Joint Indivisible Obligations; Article 1224


Article 1224. A joint indivisible obligation gives rise to indemnity for damages from the time anyone of the debtors does not comply with his undertaking. The debtors who may have been ready to fulfill their promises shall not contribute to the indemnity beyond the corresponding portion of the price of the thing or of the value of the service in which the obligation consists.

If two (or more, actually) debtors are jointly bound to perform an obligation, the creditor’s right to claim damages arises from the time that one of the debtors failed to do or give what is incumbent upon him. Nevertheless, the debtor who did not fail to perform the obligation but was in fact ready to do or give what was incumbent upon him is not required to pay damages more than what is compatible with his share of the price of the thing or of the value of the service that was required of him.

What do we mean when we say “joint indivisible obligation”?

In a joint indivisible obligation, the debtors are bound only to the extent of their share in the obligation which can only be performed totally or completely, not partially.

For example, A and B, who are a popular duet, are jointly bound to sing in a concert organized by C. A, at the time when they were already bound to comply with their promise, went missing. Nevertheless, B was not so and in fact, was ready to perform. If all the expenses to cover the concert and damages required by C amount to Php 1,000,000, what is left for B to do? She can pay C Php 500,000. This amount corresponds to her portion of the value of the service which the obligation consists.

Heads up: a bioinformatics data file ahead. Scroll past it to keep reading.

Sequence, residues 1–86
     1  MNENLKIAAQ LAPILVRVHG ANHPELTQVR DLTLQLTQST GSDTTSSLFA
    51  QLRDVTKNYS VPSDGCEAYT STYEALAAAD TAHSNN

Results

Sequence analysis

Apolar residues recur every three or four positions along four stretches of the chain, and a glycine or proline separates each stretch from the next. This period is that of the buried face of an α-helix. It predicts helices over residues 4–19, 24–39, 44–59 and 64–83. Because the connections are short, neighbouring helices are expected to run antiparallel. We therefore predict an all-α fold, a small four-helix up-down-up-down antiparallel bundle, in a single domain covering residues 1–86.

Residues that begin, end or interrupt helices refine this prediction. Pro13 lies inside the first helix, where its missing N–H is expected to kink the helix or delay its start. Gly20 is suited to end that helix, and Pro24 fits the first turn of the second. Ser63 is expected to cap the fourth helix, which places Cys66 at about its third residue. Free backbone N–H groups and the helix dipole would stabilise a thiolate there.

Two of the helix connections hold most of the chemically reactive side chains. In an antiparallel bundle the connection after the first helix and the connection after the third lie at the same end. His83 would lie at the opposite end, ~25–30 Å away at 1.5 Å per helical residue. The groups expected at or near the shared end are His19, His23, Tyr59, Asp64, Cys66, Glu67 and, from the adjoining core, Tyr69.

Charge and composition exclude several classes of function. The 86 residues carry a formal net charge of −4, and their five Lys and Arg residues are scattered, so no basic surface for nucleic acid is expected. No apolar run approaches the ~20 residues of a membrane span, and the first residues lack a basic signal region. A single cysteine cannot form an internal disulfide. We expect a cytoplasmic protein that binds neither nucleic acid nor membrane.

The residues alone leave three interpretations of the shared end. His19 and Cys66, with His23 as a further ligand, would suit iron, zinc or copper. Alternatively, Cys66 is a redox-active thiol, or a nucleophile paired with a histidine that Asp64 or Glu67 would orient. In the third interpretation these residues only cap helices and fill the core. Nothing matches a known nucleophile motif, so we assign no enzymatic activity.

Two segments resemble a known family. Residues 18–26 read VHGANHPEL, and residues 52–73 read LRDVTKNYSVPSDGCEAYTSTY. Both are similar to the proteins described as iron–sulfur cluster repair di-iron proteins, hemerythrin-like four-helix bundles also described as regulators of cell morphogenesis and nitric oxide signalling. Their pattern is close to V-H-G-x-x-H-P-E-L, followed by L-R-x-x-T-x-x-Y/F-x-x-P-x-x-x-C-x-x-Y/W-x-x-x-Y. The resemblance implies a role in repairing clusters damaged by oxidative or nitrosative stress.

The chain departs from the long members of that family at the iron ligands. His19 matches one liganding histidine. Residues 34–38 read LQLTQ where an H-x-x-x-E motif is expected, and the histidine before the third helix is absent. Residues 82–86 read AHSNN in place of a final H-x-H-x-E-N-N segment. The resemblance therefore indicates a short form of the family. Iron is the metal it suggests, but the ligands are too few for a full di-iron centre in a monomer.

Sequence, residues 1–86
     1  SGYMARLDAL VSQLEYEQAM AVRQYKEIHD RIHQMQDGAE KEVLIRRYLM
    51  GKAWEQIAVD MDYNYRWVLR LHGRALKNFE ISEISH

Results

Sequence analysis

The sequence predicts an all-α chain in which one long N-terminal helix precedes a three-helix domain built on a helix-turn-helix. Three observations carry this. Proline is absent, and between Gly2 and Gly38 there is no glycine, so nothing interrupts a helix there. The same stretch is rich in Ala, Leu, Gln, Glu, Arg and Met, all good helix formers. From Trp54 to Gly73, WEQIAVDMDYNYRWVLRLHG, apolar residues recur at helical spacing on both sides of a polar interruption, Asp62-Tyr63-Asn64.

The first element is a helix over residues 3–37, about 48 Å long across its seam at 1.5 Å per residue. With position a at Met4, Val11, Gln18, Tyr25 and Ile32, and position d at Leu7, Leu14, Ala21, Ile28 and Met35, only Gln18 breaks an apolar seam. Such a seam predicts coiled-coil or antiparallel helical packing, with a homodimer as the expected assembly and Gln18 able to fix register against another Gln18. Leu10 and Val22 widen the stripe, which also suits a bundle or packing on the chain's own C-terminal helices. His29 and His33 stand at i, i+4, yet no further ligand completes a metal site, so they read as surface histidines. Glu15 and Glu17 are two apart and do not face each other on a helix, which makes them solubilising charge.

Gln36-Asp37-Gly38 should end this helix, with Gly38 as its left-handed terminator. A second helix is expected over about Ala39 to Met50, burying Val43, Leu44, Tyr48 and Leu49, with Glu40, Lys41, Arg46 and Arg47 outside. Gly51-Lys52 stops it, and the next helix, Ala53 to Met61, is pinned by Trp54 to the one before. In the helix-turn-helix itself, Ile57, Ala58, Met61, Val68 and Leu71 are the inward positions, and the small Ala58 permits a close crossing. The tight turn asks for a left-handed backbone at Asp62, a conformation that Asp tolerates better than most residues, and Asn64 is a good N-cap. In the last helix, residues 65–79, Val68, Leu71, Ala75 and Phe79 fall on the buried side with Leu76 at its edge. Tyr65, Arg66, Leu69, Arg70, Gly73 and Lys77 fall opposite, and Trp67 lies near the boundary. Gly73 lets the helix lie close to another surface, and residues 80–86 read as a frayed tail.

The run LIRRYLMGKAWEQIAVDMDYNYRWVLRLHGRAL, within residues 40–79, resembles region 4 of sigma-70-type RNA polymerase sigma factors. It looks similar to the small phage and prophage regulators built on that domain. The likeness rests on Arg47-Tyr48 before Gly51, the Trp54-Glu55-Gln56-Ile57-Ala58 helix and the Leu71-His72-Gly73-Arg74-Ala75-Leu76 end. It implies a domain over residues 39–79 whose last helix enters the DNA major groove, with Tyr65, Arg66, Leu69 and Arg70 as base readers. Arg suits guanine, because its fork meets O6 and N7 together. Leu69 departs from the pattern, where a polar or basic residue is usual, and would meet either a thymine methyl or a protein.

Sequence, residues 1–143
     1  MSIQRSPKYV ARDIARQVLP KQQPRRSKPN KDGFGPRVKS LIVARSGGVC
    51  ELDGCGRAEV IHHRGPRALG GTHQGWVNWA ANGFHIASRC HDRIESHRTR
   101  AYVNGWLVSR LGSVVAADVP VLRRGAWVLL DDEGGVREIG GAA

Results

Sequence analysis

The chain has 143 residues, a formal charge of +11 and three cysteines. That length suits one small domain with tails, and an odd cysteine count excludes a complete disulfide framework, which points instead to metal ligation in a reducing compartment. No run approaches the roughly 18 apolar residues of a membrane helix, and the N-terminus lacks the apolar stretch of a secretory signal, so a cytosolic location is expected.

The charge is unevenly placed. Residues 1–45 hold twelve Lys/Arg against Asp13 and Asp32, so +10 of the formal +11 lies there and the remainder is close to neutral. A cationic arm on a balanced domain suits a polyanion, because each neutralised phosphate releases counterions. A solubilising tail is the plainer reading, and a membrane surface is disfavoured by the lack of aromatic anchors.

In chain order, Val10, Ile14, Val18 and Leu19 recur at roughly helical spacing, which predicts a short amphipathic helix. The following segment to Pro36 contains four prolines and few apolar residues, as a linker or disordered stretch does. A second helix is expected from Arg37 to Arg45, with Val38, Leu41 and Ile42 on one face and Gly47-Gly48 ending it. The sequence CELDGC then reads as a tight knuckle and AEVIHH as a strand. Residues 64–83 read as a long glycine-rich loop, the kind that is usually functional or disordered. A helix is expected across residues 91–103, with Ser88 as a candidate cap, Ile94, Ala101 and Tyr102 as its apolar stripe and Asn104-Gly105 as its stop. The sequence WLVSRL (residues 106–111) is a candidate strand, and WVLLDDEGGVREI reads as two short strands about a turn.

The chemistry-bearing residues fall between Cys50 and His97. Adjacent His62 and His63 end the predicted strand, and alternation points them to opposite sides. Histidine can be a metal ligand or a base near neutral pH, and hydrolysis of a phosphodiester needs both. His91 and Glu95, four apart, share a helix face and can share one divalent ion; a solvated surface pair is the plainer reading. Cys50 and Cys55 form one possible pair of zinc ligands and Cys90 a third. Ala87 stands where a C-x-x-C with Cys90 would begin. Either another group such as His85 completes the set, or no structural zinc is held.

Conversion into Monetary Indemnity

The debtor who is ready to comply with what is incumbent upon him despite the fact that the other debtor with him he is jointly bound cannot so comply can release himself from the shackles of obligation by converting the price of the thing to be delivered or the value of the service to be rendered into a monetary indemnity and pay the same to the creditor. This will free him from the obligation.
What if the obligation is one that is solidary and indivisible?

If the obligation is solidary and at the same time, indivisible, the creditor can demand the whole, total or complete price of the thing to be delivered or the whole, total or complete value of the service to be rendered from either of his creditors. This, of course, is without prejudice to the right of that debtor to reimburse from the other.

For example, A and B are solidarily bound to deliver an ice sculpture of the Greek God Poseidon to C, who is an enthusiast of such form of arts. B, however, failed to contribute, which rendered the obligation impossible to fulfill. Assuming that the value of the thing is in the amount of Php 1,000,000, how much can C collect from A? C can collect the whole amount from A.

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